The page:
Rocking against Racism, Then and now

01.09.2017

Shirsho Dasgupta interviews Mark Perryman Co-founder of Philosophy Football about the meaning and sgnificance of Rock against Racism

 

Shirsho Dasgupta  As someone who lived through the era, how would you describe the socio-political and economic situation of the United Kingdom in the 1970s and early 1980s?

 

Mark Perryman The late 1970s have to be remembered as an era of intense conflict. Huge industrial disputes, the miners strikes and Grunwick, the public sector strikes of winter of ’78. Even the bread bakeries went on strike! The war in Northern Ireland, the rise of the fascist National Front and their increasingly violent marches. At the same time this was the dawn of Thatcherism and the eclipse of postwar social democracy.

 

SD What was the appeal of punk and reggae at the time? Was it the lyrics, the stripped-down raw sound, or a combination of both?

MP This was the era of Pink Floyd, Genesis, Yes, ELO. They seemed increasingly divorced from the lived experience of teenage Britain. The Rolling Stones were living off a heyday a decade old, nearly 40 years later they still are. The teeny bop bands were taking over the charts, the Bay City Rollers.  The Sex Pistols Bill Grundy live TV interview, which I can still remember absolutely vividly quite literally said ‘up yours’ to all this. And pretty soon there emerged some sort of commonality with reggae too. That wasn’t universal but there was at least an awareness that different youth culture communities were finding their own voice in place of the one pop culture manufactured for them.

 

SD Besides the music, what were the other aspects of Rock against Racism that were significant? 

MP I’d answer that in two ways. First, there was no certainty that the nihilism of punk, complete with Nazi-swastika imagery, would turn in a progressive, anti-racist direction. The fact that it did was both hugely significant and     down to Rock against Racism (RAR). Second, RAR was a movement anyone could join because there was nothing to join. No membership card,  no delegates to be elected, no conferences to attend, no votes to be had. Just a roll of dayglo stickers, a badge, and a do-it-yourself gig culture, that was what made you a member, a part of it. This was a politics from below, it was fun, anybody could do it however, whenever, wherever. And this was all pre-social media. A phenomenal achievement that has never really been matched since. The closest has been this years ‘ Oh Jeremy Corbyn ‘ chant, a sense of being part of something much bigger than ourselves alone but yet to take a popular culture form. If and when it does the potential for a shift to the left will be huge. The writer Tom Blackburn calls this potential ‘Corbynism from Below’ I like the sound of that.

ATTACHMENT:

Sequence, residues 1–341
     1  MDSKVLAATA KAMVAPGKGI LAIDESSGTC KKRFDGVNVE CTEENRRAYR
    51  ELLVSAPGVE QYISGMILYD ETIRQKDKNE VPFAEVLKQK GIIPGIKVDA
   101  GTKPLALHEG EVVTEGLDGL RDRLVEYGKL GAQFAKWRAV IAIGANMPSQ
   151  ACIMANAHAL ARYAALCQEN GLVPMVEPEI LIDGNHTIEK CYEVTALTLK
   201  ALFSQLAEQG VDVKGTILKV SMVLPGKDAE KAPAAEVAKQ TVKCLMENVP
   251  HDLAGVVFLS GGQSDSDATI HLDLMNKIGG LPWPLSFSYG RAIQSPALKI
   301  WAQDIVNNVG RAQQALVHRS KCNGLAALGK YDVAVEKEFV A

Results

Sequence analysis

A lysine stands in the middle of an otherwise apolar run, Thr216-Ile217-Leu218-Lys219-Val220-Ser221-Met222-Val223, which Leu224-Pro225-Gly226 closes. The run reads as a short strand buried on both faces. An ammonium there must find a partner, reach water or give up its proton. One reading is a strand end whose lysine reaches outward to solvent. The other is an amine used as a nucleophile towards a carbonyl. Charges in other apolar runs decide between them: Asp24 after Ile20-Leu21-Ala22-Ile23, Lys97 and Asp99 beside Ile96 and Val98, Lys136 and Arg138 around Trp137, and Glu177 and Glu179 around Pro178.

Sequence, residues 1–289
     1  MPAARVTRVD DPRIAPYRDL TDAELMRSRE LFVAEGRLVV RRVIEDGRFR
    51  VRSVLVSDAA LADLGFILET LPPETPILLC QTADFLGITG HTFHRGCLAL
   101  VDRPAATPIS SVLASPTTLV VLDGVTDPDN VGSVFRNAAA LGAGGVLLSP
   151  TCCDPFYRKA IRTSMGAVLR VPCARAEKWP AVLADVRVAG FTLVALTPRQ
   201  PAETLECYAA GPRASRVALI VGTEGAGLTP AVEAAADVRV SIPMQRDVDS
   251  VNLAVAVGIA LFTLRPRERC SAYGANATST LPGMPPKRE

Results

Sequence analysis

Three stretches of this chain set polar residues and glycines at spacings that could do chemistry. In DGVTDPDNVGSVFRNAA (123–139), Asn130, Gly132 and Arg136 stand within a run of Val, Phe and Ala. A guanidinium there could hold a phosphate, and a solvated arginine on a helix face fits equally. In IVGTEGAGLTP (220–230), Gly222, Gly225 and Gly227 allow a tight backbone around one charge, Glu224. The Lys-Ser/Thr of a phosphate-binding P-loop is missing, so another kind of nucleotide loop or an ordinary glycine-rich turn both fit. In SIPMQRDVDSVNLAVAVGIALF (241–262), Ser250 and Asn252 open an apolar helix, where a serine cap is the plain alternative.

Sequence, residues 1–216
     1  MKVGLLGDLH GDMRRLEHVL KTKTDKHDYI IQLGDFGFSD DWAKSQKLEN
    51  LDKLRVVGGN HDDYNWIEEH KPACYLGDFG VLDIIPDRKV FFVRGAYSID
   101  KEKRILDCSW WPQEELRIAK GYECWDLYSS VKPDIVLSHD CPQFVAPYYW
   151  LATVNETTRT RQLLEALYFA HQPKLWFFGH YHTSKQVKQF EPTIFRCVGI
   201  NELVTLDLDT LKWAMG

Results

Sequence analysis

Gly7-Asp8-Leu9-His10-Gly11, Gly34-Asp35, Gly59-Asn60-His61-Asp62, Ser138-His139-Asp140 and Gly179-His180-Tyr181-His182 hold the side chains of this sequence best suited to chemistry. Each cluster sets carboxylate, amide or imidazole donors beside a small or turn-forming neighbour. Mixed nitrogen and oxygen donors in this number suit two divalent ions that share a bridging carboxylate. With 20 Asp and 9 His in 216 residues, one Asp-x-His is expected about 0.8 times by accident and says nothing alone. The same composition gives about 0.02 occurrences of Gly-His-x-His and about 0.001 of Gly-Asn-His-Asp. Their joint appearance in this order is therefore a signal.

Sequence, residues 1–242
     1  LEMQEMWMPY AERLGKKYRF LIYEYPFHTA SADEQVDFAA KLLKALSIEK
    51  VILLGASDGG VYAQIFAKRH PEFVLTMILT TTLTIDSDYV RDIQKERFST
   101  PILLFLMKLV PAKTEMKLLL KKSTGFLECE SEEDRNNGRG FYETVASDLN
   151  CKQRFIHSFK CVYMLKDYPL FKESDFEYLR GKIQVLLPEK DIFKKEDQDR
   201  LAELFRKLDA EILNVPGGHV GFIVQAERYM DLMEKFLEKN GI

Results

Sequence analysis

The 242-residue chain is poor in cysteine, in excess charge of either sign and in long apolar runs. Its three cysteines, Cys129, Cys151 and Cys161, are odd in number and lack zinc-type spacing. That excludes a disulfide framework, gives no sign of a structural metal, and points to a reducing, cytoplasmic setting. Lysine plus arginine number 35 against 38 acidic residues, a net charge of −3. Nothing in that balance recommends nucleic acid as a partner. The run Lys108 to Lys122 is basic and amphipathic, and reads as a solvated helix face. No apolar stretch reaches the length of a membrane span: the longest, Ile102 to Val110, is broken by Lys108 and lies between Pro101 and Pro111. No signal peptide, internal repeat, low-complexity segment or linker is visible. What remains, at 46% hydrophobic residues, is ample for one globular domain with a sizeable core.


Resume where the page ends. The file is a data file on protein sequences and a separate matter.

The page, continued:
SD Do you think in the age of rising Islamophobia, homophobia, and Trump, we can describe our situation today as similar to that four decades ago?

MP Not exactly. But what we are beginning to witness, this is where the parallels lie, is the break up of another period of consensus, neoliberalism.  In Britain this is sparking a shift to the Left led by Jeremy Corbyn but that break is much less obvious elsewhere, for example Trump in the US, Macron in France.

 

SD Do you think today a cultural movement like RAR can be as potent a fighting force against the right-wing as it was forty years ago?

It can be potent but it won’t be the same. It’s not really for me and those of my generation to speculate on what it would look, or sound, like, that’s for the new and next generation Left to shape. But I do think it is entirely valid to assert the necessity of such a clash, what Stuart Hall described in 1978 as ‘ one of the timeliest and best constructed of cultural interventions’  to consder the reasns too for the near total absence of anything of RAR’s scale of ambition, imagination and reach since the 1980s aftermath of miners solidarity gigs and of course Red Wedge, and the conditions that might spark something of this sort again. That’s what I see in Corbynism, and perhaps #grme4corbyn too, certainly the ‘Ohhhh Jeremy Corbyn Chant’ . Not rooted in the individual, however appealing Jeemy Corbyn might be, nor the Labour Party, however big it has becime in terms of membership, but this much more generalized mood that at last change is becoming possible. If a popular cultural movement emerges then this shift will be immeasurably strengthened and right now we have the makings of this as a possibility. It’s a window of opportunity, for the first time since ’78 and RAR’s Carnival helped to ensure the defeat of the NF. 

 

Mark Perryman is a contributor to Reminscences of RAR : Rocking againsg Racism 1976-1982. His own book The Corbyn Effect is out in mid-September available to pre-order here. 

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